Wind Helps Power Arkansas' Clean Energy Economy
Former Michigan Governor Jennifer M. Granholm, senior adviser to The Pew Charitable Trusts' Clean Energy Program, today visited Little Rock, where she kicked off a national campaign to highlight how clean energy policies can help create jobs, stimulate innovation, spur private investment and enhance America's competitiveness in the global clean energy race.
“Wind represents 43 percent of the renewable power sector in the United States, and Arkansas has wisely put in place policy to strengthen the economic opportunities associated with manufacturing,” said Gov. Granholm. “As a nation, we need to advance policies that not only produce clean power and technology, but also make cars cleaner, industry more efficient and renewable energy more accessible and affordable.”
Arkansas Governor Mike Beebe added, “When fuel prices are high, we see initiatives for more renewable, clean energy in America, but our national memory becomes short once the price of gas drops. The frequency of recent spikes in fuel prices illustrates once again how wind and other clean-energy sources can create jobs and reduce our dependence on other countries.”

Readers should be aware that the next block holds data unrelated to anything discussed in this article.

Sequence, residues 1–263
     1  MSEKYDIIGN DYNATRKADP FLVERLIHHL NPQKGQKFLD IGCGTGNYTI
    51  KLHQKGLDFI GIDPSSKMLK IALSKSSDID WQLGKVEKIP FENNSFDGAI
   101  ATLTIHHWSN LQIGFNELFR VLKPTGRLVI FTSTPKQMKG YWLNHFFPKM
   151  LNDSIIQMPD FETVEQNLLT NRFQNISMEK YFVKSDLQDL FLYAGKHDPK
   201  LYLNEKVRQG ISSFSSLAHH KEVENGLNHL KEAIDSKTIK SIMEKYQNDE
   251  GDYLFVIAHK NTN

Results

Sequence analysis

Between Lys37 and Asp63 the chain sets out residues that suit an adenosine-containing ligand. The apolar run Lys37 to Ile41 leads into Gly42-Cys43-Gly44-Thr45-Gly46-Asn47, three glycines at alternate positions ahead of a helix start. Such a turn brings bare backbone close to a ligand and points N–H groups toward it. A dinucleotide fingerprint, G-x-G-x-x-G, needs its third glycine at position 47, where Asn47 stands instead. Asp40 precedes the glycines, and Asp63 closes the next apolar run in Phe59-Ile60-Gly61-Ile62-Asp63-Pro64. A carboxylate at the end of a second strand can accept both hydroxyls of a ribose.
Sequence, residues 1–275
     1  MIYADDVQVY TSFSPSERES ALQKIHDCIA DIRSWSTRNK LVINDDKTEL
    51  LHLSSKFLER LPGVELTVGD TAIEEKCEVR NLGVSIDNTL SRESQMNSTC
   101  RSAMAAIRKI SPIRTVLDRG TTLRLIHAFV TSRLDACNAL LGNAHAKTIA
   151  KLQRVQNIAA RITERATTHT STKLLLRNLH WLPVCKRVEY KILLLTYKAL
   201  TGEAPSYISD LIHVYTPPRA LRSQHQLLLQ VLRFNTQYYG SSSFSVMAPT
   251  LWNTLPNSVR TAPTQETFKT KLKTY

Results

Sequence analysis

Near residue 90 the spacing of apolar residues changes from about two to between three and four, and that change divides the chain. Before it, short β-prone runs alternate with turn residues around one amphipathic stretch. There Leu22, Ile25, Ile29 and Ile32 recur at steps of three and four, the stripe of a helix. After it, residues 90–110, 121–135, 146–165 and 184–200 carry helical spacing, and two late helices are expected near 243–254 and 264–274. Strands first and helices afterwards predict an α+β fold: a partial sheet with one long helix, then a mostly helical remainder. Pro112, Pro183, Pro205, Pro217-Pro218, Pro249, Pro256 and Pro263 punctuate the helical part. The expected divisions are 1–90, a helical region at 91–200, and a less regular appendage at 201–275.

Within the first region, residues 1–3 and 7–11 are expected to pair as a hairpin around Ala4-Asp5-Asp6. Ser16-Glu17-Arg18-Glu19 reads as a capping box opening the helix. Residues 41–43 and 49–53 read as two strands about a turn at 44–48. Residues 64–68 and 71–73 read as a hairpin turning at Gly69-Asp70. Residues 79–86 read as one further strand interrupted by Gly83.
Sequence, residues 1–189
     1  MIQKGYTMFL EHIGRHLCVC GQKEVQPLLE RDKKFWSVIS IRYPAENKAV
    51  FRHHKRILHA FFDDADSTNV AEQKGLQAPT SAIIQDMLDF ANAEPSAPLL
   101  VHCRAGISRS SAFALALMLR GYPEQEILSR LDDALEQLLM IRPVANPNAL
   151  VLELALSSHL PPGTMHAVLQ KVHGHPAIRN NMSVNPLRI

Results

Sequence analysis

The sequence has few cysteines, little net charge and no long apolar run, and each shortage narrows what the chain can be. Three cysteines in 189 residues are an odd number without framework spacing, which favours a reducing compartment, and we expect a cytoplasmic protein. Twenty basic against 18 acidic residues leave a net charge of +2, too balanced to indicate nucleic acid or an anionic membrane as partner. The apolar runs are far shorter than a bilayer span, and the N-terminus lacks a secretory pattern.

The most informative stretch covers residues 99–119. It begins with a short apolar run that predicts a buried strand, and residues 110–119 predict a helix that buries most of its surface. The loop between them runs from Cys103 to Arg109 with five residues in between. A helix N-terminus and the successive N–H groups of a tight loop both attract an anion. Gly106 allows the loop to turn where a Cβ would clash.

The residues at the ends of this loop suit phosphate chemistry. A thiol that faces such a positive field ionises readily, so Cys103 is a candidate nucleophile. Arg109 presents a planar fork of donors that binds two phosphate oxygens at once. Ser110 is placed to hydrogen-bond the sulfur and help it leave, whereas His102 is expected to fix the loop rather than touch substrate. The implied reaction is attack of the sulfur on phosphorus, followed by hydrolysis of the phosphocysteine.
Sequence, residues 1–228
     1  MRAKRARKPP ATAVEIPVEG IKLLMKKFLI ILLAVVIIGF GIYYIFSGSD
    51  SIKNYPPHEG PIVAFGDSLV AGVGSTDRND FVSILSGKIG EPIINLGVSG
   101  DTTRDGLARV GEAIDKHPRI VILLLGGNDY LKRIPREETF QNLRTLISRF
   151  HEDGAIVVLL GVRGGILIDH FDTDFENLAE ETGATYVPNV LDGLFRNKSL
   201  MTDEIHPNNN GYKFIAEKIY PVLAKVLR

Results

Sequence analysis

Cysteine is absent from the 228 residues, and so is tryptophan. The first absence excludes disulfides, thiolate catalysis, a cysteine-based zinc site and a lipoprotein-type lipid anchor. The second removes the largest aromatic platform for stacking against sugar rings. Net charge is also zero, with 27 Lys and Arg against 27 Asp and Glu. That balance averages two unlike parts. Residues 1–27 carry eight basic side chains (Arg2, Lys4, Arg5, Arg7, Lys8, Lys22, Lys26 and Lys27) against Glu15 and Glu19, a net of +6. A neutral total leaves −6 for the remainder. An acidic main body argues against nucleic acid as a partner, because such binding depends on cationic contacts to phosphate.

In 2009, the Arkansas Legislature expanded a manufacturing tax incentive through 2033 for makers of windmill blades or components, providing certainty for business and making the state a compelling location for manufacturers. The LM Wind Power USA and Nordex USA manufacturing facilities will employ more than 1,000 workers in Arkansas by 2015.
Phyllis Cuttino, director, Pew Clean Energy Program, said, “Private investment in the global clean energy economy has grown by 630 percent since 2004. This rapidly expanding sector represents a significant economic opportunity for individual states and our nation. Gov. Beebe and the legislature recognized the opportunity and put in place clean energy initiatives that attracted global business—LM Wind Power USA, Nordex USA, and soon Mitsubishi—to Arkansas and created sustainable industry jobs.”
In Arkansas, clean energy jobs grew by nearly 8 percent from 1998 to 2007, and the state attracted close to $23 million in venture capital funds, according to research by The Pew Charitable Trusts published in 2009. More than 28.3 percent of Arkansas' activity at that time was in environmentally friendly production (ranking it 10th in the nation)—the fastest growing sector of the national clean energy economy.
During her eight years as governor, Granholm worked with business, labor, Republicans and Democrats to create new economic opportunities for the state through policies that promoted clean energy, attracting $9.4 billion in investments to Michigan and the potential for 89,000 jobs. She is one of the nation's leading experts on policies to enhance America's competitiveness and is working with Pew to inform the national conversation on the need for energy policy that yields certainty for business and jobs for workers.